Tenerife Disaster: KLM Flight 4805/Pan Am Flight 1736

On March 27, 1977, two Boeing 747 aircraft collided on the runway in Los Rodeos Airport (now Tenerife North Airport, TFN) in Tenerife, Canary Islands, Spain. The accident, which claimed 583 lives, remains the deadliest in aviation history. 

Several simultaneous events lead to this tragedy. The same day of the KLM and Pan Am flights, the CIIM terrorists exploded one bomb at Las Palmas de Gran Canaria Airport. They were threatening to explode a second bomb, which forced police to shut down the airport to search for it. Many flights, including KLM flight 4805 and Pan Am Flight 1736 were diverted to Los Rodeos Airport. 

The airport had only one runway and one major taxiway parallel to it, with four short taxiways connecting the two. That led to the runway incursion. The incursion and a series of miscommunications among the two flight crews and Air Traffic Control, according to the Spanish authorities, were fundamental causes of the accident. The KLM plane initiated takeoff, while the Pan Am jumbo jet was still on the same runway.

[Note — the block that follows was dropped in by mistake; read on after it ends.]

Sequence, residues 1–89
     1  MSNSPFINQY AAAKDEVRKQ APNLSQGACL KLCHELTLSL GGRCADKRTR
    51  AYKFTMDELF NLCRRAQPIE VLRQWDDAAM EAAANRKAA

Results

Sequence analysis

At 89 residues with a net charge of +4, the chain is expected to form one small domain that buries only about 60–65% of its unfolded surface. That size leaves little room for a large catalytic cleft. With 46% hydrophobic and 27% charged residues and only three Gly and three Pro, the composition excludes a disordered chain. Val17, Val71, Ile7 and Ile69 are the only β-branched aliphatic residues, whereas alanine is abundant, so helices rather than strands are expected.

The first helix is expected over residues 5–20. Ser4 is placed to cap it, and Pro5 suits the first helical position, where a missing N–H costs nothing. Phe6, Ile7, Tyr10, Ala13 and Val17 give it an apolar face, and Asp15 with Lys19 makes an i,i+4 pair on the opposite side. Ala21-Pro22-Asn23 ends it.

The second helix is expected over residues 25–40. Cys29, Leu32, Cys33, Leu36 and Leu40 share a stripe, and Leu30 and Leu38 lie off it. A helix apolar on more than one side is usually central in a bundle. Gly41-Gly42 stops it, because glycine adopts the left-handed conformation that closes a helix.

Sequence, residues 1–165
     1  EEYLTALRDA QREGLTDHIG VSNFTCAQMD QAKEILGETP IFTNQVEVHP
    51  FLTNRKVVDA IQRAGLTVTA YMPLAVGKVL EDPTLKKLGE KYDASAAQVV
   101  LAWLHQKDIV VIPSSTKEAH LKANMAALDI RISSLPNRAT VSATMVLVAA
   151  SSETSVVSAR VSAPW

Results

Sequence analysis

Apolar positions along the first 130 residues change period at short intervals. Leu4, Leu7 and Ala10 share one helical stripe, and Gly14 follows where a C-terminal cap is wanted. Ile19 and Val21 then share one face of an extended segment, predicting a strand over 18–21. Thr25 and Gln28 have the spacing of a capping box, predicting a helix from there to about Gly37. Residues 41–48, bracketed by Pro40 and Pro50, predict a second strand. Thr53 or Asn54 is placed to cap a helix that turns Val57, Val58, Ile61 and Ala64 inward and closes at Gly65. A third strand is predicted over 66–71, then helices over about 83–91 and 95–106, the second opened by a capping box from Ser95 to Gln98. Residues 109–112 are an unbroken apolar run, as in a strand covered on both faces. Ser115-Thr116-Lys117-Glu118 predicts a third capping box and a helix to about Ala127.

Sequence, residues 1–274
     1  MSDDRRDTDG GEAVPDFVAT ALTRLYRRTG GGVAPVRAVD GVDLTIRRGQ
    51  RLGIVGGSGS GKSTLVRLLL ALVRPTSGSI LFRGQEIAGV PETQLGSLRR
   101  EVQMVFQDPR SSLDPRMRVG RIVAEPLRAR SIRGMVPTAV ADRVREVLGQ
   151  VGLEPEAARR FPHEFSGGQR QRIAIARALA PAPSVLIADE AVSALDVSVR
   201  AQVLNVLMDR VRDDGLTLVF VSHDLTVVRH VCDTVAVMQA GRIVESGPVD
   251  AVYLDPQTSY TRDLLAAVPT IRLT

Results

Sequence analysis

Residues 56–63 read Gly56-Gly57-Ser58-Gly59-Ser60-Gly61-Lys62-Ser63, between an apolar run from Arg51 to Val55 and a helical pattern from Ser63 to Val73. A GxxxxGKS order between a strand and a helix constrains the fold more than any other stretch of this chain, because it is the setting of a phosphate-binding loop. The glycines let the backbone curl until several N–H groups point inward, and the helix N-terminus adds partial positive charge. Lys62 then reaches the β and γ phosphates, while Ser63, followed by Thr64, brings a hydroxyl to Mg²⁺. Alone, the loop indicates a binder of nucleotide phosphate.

After the accident, authorities introduced crucial changes to international airline regulations. All control towers and flight crews worldwide were required to use standardized English phrases. The hierarchy among crew members was deemphasized in favour of decision-making by mutual agreement. The accident is also seen as a turning-point after which the now-standard crew resource management was “born”.

Air India Flight 182: the deadliest act of aviation terrorism until 9/11

On June 23, 1985, Air India Boeing 747  was flying from Toronto, Canada to New Delhi, India. While nearing the coast of Ireland, a bomb planted in the jumbo jet’s  cargo hold exploded. The plane crashed into the Atlantic Ocean 120 miles off the Irish coast, killing all 329 people on board. 

While the Air India crash was not the first fatal air accident associated with the bomb explosion.